Niger delta militants vowed Thursday to renew their five-year war insurgency which was temporarily abated over the last 90 days by a ceasefire declared by the militants
The Nigerian central bank says the violence has cost the country $1 billion a month in lost oil revenue, and helped push global oil prices higher. Nigeria’s oil exports account for 90 percent of the West African country’s foreign exchange earnings.
The Movement for the Emancipation of the Niger Delta, or MEND, is a loose alliance of several groups which has led the insurgency aimed at Western oil companies such as Chevron of the United States, Total of France and the Anglo-Dutch Shell.
The rebels demand a more equitable share of Nigeria’s oil revenue for the impoverished and long neglected Ijaw tribes of the delta, the main oil-producing region.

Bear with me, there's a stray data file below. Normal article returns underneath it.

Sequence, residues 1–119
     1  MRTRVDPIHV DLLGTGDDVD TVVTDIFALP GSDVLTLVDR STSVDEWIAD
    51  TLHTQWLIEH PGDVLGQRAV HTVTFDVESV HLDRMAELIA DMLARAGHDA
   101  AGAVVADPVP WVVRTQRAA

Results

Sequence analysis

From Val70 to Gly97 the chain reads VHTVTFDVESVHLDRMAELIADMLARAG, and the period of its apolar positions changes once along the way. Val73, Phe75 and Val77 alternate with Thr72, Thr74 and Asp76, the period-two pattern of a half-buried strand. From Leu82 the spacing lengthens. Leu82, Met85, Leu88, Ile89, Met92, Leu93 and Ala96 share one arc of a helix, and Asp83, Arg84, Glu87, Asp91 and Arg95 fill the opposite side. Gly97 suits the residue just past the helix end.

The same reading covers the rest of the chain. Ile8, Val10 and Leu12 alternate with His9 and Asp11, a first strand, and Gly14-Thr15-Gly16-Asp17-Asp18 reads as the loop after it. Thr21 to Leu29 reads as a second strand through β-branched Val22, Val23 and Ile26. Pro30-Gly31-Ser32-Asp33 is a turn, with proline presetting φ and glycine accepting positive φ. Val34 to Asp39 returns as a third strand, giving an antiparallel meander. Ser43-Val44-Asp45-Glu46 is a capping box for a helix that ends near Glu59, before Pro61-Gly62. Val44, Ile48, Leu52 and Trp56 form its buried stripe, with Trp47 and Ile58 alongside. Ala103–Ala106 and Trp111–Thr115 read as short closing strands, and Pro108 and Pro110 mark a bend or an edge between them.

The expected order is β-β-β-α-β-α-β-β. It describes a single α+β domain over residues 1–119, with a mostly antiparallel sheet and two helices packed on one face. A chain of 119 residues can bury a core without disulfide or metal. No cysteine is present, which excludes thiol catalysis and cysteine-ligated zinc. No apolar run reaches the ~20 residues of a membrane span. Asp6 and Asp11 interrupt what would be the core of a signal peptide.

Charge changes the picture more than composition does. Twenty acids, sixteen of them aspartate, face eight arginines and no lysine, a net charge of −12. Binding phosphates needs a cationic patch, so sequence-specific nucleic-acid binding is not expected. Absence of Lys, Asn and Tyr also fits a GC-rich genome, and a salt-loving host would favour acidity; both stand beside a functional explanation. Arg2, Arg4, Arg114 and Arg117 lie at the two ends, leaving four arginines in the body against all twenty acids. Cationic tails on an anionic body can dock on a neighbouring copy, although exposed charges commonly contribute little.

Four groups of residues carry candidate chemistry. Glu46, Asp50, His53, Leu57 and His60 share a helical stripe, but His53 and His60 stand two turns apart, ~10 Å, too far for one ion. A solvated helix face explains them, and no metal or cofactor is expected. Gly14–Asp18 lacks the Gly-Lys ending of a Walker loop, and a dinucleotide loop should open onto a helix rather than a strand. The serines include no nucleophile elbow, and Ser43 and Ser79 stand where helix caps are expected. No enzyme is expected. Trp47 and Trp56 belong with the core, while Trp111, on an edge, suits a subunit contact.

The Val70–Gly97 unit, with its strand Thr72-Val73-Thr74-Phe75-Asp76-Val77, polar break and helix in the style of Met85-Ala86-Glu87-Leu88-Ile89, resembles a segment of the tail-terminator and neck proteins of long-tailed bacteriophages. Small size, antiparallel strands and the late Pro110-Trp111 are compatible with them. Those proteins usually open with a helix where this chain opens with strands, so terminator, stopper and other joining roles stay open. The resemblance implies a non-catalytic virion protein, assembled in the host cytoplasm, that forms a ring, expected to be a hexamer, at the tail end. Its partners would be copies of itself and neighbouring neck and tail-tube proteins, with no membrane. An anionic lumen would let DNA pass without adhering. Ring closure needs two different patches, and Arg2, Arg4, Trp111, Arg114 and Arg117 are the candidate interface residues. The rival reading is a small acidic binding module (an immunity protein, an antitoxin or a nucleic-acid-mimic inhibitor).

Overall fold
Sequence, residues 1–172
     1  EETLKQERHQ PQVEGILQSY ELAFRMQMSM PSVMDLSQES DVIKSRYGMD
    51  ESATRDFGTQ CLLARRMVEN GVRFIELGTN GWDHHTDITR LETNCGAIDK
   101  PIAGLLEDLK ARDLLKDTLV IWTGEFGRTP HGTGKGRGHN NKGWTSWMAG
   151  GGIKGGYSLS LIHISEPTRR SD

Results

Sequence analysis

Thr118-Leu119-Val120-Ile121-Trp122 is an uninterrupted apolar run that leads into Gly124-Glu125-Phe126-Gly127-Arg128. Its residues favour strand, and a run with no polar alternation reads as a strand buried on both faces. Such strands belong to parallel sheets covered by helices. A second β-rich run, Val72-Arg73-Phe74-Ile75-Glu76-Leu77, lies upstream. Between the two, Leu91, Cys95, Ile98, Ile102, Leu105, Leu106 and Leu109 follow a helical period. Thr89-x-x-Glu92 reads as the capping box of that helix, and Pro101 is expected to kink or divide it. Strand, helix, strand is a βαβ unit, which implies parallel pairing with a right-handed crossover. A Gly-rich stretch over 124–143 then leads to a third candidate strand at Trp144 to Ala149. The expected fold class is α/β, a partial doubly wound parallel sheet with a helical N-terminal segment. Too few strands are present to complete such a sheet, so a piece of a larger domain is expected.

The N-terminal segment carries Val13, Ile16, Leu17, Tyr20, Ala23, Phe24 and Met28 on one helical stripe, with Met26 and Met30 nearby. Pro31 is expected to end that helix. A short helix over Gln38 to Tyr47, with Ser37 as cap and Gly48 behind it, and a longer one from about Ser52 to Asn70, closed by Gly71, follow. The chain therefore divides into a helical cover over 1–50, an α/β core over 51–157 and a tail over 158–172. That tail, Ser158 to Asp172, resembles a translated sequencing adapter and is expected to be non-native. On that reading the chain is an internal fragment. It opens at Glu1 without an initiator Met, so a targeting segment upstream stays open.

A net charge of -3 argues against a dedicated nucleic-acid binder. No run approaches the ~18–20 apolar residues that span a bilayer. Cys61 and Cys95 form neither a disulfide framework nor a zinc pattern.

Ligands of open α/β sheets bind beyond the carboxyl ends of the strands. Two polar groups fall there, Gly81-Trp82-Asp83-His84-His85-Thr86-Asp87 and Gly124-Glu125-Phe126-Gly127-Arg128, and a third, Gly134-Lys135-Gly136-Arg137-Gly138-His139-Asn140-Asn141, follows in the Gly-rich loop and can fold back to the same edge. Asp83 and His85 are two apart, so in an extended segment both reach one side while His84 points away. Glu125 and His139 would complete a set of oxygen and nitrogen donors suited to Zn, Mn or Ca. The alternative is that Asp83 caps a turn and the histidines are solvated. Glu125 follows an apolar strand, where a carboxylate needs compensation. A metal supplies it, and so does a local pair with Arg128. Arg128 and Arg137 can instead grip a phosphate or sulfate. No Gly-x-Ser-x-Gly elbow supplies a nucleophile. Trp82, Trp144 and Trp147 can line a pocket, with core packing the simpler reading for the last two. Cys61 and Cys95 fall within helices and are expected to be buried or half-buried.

But their campaign has also degenerated into a massive crime spree, in which vast amounts of crude have been stolen and smuggled abroad in tankers.
MEND declared a 90-day truce on July 15. That was extended for another 30 days Sept. 15. It expires at midnight Thursday.
“MEND considers this next phase of our struggle as the most critical as we intend to end 50 years of slavery of the people of the Niger Delta by the Nigeria government, a few individuals and the Western oil companies once and for all,” the movement said in an e-mail communique.
On Thursday, MEND spokesman Jomo Gborno said the movement planned to intensify its campaign after negotiations with President Umaru Yar’Ardua failed to make any progress.
“In this next phase, we will burn down all attacked installations and no longer limit our attacks to the destruction of pipelines,” the communique added.